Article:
A Word from Your CBC Team: This blog post is re-posted with permission from northsideindy.wordpress.com.
How It All Began
On October 31, 1517, Martin Luther fired the first shot of the Reformation by announcing his famous “95 Theses” to the world that challenged the pope, denied purgatory, and refuted prayers to saints. The fiery rebel knew it was time for a break with the Roman Catholic Church and to start a new tradition. So he nailed his famous dictate in the town square, pumped his fist in the air, and rode off into the Protestant sunset.
Well…maybe not. We like a good cowboy story. The truth is, however, that the Protestant Reformation happened gradually and, in many ways, unintentionally.
For over 1,000 years the Roman Catholic system was the only expression of Christianity in Europe. No one ever imagined it could possibly be any different. So in the early 16th century when Dr. Luther discerned that some recent teachings were less than biblical, and some practices took advantage of the local German people (maybe you’ve heard of the sale of “indulgences”), then he did something that had gone on for generations. He wrote 95 ideas-for-debate and pinned them to the door of the main church building in a tiny town called Wittenberg. Why? Well, that’s what church leaders like himself (he was a monk) did if they wanted to discuss theological topics with other church leaders. He wasn’t trying to announce anything to all the world. He wasn’t trying to stir up the masses. In fact, he wrote them in Latin because that was the language of theologians of the day. So he really wasn’t doing anything controversial. In his mind he was simply the good son of the Catholic Church, doing his duty to engage others theologically, and pastorally look out for the people of piddly ol’ Wittenberg.
Well, what happened? As it turns out, his zealous students, seeing the value of a wider circulation, took the theses down, translated them into German and French—the common languages!—and rushed them off to this new thing called the “printing press.” From there many copies were made and dispersed all over Europe. This threw Luther into controversy and gave other “protestors” the opportunity to rise to public prominence as well (think here of names like Calvin, Zwingli, Bucer, Tyndale, Simons). And so a rising chorus of voices challenged the Roman Catholic system in the hopes of reforming the church. Hence the name, the “Reformation.” The goal was never to break with Rome, but to fix Rome.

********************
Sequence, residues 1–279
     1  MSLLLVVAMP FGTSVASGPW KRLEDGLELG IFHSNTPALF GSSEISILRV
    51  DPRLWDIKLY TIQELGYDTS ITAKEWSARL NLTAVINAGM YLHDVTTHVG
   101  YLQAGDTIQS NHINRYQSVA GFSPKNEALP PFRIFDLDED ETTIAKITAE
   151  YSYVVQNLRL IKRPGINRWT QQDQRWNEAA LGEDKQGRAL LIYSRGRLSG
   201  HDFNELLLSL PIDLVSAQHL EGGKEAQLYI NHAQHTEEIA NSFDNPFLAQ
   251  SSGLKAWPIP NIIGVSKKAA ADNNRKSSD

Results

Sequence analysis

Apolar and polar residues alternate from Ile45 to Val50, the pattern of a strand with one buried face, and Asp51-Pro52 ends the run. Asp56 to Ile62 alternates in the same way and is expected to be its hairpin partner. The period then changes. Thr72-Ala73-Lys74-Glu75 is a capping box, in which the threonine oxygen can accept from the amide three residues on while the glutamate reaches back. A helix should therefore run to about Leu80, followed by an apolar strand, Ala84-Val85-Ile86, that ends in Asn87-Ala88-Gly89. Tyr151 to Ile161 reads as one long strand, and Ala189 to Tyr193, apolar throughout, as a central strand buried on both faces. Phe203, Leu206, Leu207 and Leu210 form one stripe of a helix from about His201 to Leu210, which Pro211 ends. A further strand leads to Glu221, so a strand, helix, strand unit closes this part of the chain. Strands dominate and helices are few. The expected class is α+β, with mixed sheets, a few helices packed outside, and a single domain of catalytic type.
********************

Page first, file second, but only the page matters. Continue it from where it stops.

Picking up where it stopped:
Now, what were the problems these Reformers thought were so urgent? I’ll mention just two. (1) Over the years the Pope had grown too much in power. And (2) it was taught that works of righteousness were necessary for salvation. In response to the first the Reformers insisted that only the Bible has the ability to bind the conscience and demand our obedience. Popes and traditions are fine but not if their teachings contradict the Bible, and that is exactly what the Reformers found. So they insisted on the principle sola Scriptura—the Scriptures alone have the authority over doctrine and life. Secondly, one of the main teachings of the Bible is that justification is by grace through faith. That is, our right standing before God is through his free and sovereign grace alone that we experience through faith alone. Not by works.
These principles were so important to the Reformers (and rightly so!) that they were willing to fight and endure persecution for them.
But what happened when Rome would not budge on these issues? They couldn’t possibly break up the unity of the Great Church, could they? The unity of God’s people is a major concern for Jesus. In John 17:21 Jesus prayed that his followers “may all be one.” But only a few sentences earlier he also prayed “sanctify them in the truth” (17:17). Well, what happens when convictions of truth prohibit real unity? And that was Luther’s issue. He wanted to maintain unity, but how could he sacrifice truth to do that? It’s not a real unity if it’s not organized around the truth.
Luther said, “Peace by all means; the truth at all costs.” Amen! And I don’t think Jesus ever intended to hide truth behind a façade of unity. Thus, when Rome refused to respond, the Reformers continued to protest and the rest is, as they say, history. Eventually the Reformation came to England too that eventually gave rise to our very own Baptist tradition, equally committed to sola Scriptura and justification by grace through faith alone.
Now, October 31st is known as Reformation Day (so pass out tracts when trick-or-treaters ring your door bell!). And next year will mark the 500th anniversary of Luther’s 95 theses. At one point he called the Reformation an “accident” (which is not the same thing as a “mistake”). He wasn’t intending to start anything new or separate from others. But he saw the costly results of bad theology and in service ultimately to Christ he started the debate he wanted.